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Microsoft lays off thousands of mostly non-US workers

US media say 3,000 mostly non-US sales jobs will be cut, as the software giant prioritizes its cloud computing services. Microsoft has already let some 30,000 people go over the past four years.

Microsoft said late on Thursday it was shedding an unspecified number of jobs but provided few specific details about its plans.

"Today, we are taking steps to notify some employees that their jobs are under consideration or that their positions will be eliminated," the software giant said in an email.

CNBC said Microsoft's lay offs would impact some 3,000 people - most of them non-US sales staff.

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The cuts follow several other rounds of retrenchments at the Redmond, Washington-based tech firm that saw 18,000 positions lost in 2014, 7,800 jobs in 2015 and 4,700 last year.

Sales teams downsized

Several US media outlets reported earlier this week that Microsoft planned a reorganization of its global sales and marketing teams as it moves away from the one-time licensing of its Windows and Office software and towards monthly software subscriptions that can be used on any internet-connected device.

Satya Nadella Microsoft (Brian Smale/Microsoft/dpa)

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The company has been forced to prioritize so-called internet "cloud" computing and business services following a protracted decline in the PC market, analysts say.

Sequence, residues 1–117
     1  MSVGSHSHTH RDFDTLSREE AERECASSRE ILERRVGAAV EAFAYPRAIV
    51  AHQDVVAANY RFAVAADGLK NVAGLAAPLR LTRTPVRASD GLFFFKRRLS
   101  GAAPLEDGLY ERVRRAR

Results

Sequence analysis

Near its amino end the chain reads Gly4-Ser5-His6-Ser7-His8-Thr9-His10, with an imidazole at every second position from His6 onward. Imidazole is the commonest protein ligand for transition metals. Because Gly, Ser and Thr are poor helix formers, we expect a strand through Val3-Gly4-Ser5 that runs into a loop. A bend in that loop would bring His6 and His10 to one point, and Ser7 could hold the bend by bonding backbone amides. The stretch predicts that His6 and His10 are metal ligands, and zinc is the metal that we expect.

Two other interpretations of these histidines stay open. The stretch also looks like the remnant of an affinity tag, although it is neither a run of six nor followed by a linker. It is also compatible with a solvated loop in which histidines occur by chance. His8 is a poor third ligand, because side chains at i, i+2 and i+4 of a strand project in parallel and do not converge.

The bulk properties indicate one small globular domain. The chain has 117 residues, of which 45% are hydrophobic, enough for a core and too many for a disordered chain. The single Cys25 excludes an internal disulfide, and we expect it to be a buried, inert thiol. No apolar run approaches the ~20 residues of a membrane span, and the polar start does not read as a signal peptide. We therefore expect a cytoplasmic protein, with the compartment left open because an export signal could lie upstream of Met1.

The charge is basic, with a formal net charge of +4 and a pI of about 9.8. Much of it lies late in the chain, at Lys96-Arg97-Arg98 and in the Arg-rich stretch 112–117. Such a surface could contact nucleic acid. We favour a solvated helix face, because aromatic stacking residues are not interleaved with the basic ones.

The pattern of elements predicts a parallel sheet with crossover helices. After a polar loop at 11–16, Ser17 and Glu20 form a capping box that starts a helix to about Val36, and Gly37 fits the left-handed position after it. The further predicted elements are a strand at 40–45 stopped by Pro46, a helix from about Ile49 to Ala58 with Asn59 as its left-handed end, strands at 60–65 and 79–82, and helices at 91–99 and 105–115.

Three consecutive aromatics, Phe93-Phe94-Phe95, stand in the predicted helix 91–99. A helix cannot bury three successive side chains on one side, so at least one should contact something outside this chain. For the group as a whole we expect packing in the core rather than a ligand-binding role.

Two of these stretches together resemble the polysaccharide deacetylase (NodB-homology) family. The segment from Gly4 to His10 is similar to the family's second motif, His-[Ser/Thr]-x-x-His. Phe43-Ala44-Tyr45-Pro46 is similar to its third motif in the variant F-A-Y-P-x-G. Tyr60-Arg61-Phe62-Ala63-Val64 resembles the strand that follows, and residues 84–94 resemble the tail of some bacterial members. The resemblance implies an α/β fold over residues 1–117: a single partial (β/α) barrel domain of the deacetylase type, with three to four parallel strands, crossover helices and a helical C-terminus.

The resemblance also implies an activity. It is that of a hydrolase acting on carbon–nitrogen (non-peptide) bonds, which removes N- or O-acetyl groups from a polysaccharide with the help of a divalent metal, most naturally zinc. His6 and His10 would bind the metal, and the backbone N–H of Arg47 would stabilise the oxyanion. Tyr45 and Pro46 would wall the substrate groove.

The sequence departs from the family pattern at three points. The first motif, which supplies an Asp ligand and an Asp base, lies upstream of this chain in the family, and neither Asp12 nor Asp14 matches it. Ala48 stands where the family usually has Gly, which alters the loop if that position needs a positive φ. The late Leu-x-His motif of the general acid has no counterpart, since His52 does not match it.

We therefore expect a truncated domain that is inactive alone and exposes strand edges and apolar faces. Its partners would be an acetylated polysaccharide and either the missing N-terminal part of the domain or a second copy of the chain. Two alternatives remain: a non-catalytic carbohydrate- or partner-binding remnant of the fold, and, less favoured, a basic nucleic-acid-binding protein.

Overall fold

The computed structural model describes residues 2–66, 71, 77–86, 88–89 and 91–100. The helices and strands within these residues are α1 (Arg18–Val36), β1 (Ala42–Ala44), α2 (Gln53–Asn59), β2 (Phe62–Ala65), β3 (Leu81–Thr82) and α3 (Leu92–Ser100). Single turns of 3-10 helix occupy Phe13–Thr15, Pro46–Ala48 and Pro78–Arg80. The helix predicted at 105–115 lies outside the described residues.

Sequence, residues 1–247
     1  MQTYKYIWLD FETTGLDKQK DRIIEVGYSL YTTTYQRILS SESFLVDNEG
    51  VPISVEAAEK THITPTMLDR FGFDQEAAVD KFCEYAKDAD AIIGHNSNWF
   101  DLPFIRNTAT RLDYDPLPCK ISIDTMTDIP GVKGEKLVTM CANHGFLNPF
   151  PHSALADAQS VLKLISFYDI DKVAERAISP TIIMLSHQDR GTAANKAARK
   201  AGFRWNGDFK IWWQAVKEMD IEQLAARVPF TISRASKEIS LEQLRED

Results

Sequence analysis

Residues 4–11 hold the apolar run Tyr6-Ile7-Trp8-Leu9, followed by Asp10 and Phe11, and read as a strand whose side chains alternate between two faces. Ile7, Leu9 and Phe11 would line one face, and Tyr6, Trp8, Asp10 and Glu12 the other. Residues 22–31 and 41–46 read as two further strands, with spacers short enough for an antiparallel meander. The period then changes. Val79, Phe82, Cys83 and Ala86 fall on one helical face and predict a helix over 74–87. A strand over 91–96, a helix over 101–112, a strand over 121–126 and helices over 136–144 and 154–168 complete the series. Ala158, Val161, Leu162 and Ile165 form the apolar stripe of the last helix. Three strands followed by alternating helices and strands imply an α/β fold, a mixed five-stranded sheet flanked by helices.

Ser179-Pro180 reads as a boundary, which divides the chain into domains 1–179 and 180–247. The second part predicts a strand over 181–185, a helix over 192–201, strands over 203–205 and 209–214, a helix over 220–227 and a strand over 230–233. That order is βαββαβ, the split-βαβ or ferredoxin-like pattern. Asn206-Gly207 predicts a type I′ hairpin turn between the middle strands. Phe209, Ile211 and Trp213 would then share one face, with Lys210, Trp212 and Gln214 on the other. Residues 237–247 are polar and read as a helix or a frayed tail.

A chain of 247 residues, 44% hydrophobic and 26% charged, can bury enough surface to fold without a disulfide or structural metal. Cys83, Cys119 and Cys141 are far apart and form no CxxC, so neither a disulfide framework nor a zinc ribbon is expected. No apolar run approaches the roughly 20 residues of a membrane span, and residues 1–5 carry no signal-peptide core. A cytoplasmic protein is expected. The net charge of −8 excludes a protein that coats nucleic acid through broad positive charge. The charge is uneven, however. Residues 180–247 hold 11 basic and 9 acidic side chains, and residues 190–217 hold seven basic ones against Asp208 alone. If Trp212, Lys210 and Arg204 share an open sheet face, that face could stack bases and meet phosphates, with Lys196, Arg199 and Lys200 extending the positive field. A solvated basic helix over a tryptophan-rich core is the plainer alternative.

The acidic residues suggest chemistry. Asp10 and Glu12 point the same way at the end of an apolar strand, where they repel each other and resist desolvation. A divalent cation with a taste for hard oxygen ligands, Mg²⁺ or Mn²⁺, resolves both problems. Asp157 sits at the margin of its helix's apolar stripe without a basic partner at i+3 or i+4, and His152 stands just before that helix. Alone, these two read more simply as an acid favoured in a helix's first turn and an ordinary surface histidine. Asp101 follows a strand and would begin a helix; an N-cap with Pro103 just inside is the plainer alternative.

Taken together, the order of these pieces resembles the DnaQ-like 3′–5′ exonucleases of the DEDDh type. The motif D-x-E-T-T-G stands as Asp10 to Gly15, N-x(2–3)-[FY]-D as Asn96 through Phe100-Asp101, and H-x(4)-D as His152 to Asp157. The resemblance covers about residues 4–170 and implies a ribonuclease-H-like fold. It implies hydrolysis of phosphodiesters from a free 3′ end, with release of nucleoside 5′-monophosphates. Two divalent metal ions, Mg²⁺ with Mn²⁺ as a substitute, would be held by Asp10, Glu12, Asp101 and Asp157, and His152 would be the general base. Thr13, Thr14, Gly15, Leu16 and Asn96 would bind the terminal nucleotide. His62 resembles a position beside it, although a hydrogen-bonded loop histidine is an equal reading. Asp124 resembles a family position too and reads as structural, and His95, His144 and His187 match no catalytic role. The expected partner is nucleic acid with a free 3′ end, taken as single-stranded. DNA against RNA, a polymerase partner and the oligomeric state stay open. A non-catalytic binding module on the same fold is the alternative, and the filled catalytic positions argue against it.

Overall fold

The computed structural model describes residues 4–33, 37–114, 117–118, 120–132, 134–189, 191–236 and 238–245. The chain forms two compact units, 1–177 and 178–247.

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That subscription element of Microsoft's strategy has been particularly played up since Satya Nadella replaced Steve Ballmer as the company's CEO in 2014.

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The company's "commercial cloud" segment is on a pace to generate about $15 billion (13.14 billion euros) in annual revenue. Subscriptions to Microsoft's Office 365 service - which offers cloud access to its Word, Excel and PowerPoint software - have more than doubled in the past two years to 26 million.

More IT layoffs predicted

Global Equities research analyst Trip Chowdhry said the IT industry was undergoing a "major overhaul" and predicted that layoffs would "accelerate" as part of a shift to the cloud.

Microsoft Azure and Amazon Web Services are the dominant "super-clouds" for computing, according to the analyst.

In March, the company disclosed it employed about 120,000 staff globally, and that 19 percent of those worked in sales and marketing teams.

mm/rd (AFP, AP, Reuters)

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